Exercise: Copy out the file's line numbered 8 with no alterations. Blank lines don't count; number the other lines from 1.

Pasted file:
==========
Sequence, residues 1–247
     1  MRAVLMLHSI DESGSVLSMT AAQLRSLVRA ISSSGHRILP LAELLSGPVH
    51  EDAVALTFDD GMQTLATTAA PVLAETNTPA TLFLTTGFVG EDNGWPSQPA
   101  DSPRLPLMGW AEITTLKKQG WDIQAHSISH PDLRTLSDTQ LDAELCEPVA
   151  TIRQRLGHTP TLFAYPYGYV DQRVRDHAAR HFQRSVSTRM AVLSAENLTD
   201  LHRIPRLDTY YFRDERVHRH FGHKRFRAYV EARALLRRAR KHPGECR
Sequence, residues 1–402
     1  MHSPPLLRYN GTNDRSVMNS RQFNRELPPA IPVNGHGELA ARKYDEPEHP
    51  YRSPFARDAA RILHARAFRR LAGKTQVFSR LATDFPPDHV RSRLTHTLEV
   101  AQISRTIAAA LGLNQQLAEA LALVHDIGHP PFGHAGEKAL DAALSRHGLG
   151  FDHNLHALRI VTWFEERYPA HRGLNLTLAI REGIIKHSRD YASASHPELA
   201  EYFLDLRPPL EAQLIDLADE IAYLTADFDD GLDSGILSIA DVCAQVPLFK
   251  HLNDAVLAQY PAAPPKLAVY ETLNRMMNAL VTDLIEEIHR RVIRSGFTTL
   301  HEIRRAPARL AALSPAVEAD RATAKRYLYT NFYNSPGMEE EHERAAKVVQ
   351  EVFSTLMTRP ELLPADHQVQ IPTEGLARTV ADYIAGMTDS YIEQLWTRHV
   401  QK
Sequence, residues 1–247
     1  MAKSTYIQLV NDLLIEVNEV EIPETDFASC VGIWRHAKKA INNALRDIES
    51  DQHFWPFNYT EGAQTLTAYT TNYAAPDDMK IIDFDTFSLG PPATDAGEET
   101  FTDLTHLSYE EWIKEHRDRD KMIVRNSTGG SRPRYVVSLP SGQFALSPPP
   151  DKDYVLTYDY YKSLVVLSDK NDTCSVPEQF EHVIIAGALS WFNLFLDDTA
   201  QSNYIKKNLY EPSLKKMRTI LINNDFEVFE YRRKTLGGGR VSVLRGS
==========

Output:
     1  MHSPPLLRYN GTNDRSVMNS RQFNRELPPA IPVNGHGELA ARKYDEPEHP